It is now official – the “No Palm Oil” denigration campaign, undertaken by European opponents of palm oil, is illegal. The Belgian Court of Appeal in Brussels ruled last Friday that the Belgian supermarket Delhaize broke the law when it made wild and inaccurate allegations about Palm Oil, including on the labels of its own ‘Palm Oil Free’ product.
The Belgian Court stated that Delhaize’s allegations about Palm Oil were “unverifiable and therefore not objective” in relation to both environmental and health allegations. Delhaize must immediately cease and desist from making these illegal and unjust claims, on pain of serious financial penalties.
This court judgement is at once both wholly unsurprising, and totally unexpected. It is unsurprising because the decision made by the Court is so clearly and obviously accurate. The claims made about Palm Oil by “No Palm Oil” manufacturers and retailers – including Delhaize – are untrue, unjustified, and denigratory.
That has always been the case. Back in 2012, Palm Oil producers from the Cote d’Ivoire won a court case against French retailer Systeme U, forcing Systeme U to cease a similarly unjustifiable anti-palm oil campaign. In 2015, the major international law firm, Hogan Lovells, produced a memo outlining how No Palm Oil labels were illegal under multiple EU, French and Belgian laws, including –
- EU Food Information to Consumers Regulation (1169/2011)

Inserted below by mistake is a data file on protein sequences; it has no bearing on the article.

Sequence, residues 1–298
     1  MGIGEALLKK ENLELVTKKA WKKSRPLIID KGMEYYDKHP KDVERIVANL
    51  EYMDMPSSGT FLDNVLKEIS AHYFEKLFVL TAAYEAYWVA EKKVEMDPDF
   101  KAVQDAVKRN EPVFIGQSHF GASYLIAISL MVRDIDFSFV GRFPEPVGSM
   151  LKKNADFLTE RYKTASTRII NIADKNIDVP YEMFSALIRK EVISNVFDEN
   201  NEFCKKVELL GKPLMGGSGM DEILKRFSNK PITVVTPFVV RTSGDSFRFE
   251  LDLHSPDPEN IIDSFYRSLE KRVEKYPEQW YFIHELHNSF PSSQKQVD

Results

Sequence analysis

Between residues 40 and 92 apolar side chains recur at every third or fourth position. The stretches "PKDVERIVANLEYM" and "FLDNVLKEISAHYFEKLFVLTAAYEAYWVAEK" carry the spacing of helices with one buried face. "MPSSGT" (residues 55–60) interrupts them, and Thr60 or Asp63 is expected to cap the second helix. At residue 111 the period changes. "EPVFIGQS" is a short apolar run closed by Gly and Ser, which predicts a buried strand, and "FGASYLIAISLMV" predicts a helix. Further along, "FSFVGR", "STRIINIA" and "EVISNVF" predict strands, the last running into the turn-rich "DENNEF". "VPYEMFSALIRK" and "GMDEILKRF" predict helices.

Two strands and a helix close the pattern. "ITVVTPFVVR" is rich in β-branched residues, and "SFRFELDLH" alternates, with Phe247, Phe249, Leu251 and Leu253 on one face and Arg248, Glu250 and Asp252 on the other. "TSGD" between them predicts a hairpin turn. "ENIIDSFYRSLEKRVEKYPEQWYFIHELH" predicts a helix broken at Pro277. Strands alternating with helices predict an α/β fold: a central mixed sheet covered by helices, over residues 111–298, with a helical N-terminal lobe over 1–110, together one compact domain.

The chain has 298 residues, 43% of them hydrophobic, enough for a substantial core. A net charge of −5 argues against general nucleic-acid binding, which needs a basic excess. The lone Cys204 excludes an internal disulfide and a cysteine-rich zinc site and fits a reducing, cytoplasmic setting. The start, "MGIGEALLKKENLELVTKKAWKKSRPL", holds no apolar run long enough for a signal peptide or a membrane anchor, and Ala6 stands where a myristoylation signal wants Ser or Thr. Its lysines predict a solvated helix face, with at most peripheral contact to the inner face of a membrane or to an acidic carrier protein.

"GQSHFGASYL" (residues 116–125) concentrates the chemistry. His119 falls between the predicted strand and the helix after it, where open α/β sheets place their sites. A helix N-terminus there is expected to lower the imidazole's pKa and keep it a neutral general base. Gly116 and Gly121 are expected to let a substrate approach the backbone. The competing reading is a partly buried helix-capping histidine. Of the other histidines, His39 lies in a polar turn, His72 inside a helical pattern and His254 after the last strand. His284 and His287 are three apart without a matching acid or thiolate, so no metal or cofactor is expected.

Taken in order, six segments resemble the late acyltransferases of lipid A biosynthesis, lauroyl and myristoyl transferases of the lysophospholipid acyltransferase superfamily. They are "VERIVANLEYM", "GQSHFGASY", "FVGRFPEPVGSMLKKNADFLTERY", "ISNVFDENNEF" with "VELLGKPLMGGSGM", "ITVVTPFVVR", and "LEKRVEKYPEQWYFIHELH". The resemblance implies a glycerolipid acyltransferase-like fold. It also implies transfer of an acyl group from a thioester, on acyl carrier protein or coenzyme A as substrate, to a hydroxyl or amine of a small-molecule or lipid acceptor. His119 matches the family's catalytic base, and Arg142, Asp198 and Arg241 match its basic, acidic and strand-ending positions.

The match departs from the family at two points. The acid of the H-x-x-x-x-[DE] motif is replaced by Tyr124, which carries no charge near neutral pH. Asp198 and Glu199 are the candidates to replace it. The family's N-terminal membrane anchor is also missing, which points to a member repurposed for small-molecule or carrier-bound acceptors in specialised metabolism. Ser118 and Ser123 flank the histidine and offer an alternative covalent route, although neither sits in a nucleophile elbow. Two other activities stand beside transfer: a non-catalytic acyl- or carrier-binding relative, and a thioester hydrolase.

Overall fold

- EU Directive on Food Labelling (2000/13/EC)
- EU Unfair Commercial Practices Directive (2005/29/EC)
- Belgian Law on Market Practices (2010)
- French Commercial Code (Articles L450-1 & L450-4)
The Belgian Court has simply expressed in a legal judgement what experts have known for years to be true – the anti-Palm Oil campaign is denigratory and inaccurate.
Why, then, is this court judgement so totally unexpected, and out-of-the-blue?
The reason is because European authorities – governments, regulators, and courts – have refused for several years to enforce their own laws. ‘No Palm Oil’ campaigns have been allowed to continue, unchecked, despite the clear violation of European laws. Authorities in France – such as DGCCRF, in charge of addressing consumer fraud – are well aware of the issue, but refuse to enforce the law or censure the offending companies. In Belgium and Italy, the situation is the same. In Brussels, the European Commission sits on its hands and allows consumers to be misled by untrue and denigratory advertising by Delhaize, Systeme U and others.
Why? There is a simple explanation. Because the No Palm Oil labels, in common with other European anti-Palm Oil efforts, benefit European industries.
Now, however, the Belgian Court has finally made it clear that the Emperor has no clothes. There is no longer any excuse for EU Governments, regulators or officials to allow No Palm Oil labels to continue with impunity. Doing so would be an open admission that those countries have in place a policy to deliberately discriminate against products from Malaysia, and to deliberately harm Malaysian exports – even when they are aware that this is illegal.
Will France, Italy, and others, now properly enforce the law? Will other Belgian companies fall into line? Or will legality go the same way as truth: discarded by Europe so that it can continue the protectionist and discriminatory campaign against Palm Oil?